Mistakes and questions lead to authentic learning

It’s easy to spit back information the teacher provides.  Memorize it, recall it on the exam, and forget about most of it…

But when you engage with information and ideas, that’s when real learning happens.

My students are finally starting to ask real questions and take risks.  For homework this weekend, I had them read excerpts from Building the First Slavery Museum in America, a compelling article in this Sunday’s New York Times Magazine about a plantation in New Orleans that has been converted to a slave museum.  It just opened in December 2014.

One of my students found it amazing that there were 107,000 slaves held in one slave jail.  Indeed, that would be amazing.  It turns out the student misread the 107,000 figure — it’s not that there were 107,000 slaves in one jail at that plantation.  It’s that 107,000 slaves spent their lives in Louisiana up to 1820 — here’s the line from the article:

A number of memorials also dot the grounds, including a series of angled granite walls engraved with the names of the 107,000 slaves who spent their lives in Louisiana before 1820.

But it’s GREAT that this student made this mistake.  Becuase it forced me to think more about what that 107,000 figure meant.

Why would you stop counting the slaves who spent their lived in Louisiana at 1820?  Well, you wouldn’t.  The musuem is a work in progress.  Another article I found about the museum seems to say that the idea is to eventually document the name of every single slave who lived in Louisiana:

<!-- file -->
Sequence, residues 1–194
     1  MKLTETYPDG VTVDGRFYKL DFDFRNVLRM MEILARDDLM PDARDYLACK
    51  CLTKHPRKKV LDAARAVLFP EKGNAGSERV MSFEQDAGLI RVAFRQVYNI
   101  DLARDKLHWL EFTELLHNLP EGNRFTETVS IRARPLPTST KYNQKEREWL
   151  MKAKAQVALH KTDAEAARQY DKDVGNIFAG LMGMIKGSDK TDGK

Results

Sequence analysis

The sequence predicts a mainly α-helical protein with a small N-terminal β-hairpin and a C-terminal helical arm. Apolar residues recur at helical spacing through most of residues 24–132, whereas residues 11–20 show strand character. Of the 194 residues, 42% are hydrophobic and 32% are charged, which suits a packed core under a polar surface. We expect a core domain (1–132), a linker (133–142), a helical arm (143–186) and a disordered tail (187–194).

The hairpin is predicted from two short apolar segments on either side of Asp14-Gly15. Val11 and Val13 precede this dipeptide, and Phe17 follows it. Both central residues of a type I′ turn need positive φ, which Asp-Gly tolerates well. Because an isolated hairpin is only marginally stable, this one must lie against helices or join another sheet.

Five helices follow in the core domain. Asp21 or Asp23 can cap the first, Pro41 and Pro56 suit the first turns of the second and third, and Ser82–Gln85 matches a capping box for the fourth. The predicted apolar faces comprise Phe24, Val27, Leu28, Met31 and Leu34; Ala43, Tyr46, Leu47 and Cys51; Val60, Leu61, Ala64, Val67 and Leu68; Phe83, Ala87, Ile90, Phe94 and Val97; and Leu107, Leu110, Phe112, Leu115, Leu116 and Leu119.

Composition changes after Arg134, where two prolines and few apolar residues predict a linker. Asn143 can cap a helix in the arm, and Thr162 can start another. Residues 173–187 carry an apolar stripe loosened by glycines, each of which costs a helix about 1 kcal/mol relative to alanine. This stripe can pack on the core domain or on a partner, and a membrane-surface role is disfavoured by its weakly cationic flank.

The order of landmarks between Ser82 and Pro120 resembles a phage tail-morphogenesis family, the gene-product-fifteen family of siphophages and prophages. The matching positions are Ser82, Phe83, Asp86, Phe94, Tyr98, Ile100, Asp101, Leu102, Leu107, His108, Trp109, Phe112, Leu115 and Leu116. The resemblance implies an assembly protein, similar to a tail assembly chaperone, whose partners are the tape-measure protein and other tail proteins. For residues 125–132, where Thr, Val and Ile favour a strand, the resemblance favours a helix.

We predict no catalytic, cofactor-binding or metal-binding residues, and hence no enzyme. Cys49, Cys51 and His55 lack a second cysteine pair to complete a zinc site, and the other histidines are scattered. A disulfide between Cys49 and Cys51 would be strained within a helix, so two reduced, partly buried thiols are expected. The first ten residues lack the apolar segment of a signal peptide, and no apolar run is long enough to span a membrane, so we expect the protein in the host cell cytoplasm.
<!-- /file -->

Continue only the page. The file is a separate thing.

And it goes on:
Influenced by Maya Lin’s Vietnam Veterans Memorial in Washington, D.C., Cummings [the patron of the museum, who has contributed $8 million of his own money to build it] designed the slaves tribute and had it manufactured on-site. “We have our own engraving machine,” he said. “I’ve got plaques still being printed.” Eventually, there will be about 400,000 names to intimately document slavery’s existence in this state through 1865, he said.

The polished panels are less restrained, more overtly emotional, than Lin’s monument to soldiers who died in Vietnam. Inset in large type between names are quotations from the oral histories of Louisiana slaves found in the Library of Congress. In effect, they’re little everyday stories about how it looked, felt and tasted to be a slave.

If there were 400,000 slaves in total in Louisiana, I wondered how many slaves there were in Louisiana in 1860 (the last year there would be a census asking people to record their “property”)

I re-formatted data I got from http://www.civil-war.net/pages/1860_census.html to sort it by total number of slaves, rather than alphabetically by state name — that way, you can see which states had the most slaves.

As you can see in the chart below, Louisiana was #6, neck-and-neck with North Carolina (where I teach), at 331,000 slaves each.  But NC had nearly twice as many free people — 660,000 to 375,000.

1860 census

This is exactly the sort of inter-disciplinary work I want to see students doing in my classes.  Math and excel spreadsheets are definitely part of history.  Eventually, I want my students to be the ones who look up data, paste it into excel, and and re-format the information to make it more user-friendly — but for now, I’ll model the process.

Another student in class was struck by this line in the article:

Louisiana is the eighth-poorest state in the nation. Yet in the lush sugar plantations that crop up every couple of miles, you can glimpse the excess that defined the region before the Civil War.

She was curious about how Louisiana could be the eighth poorest state in the nation.  She had the impression it was a wealthy state before the Civil War.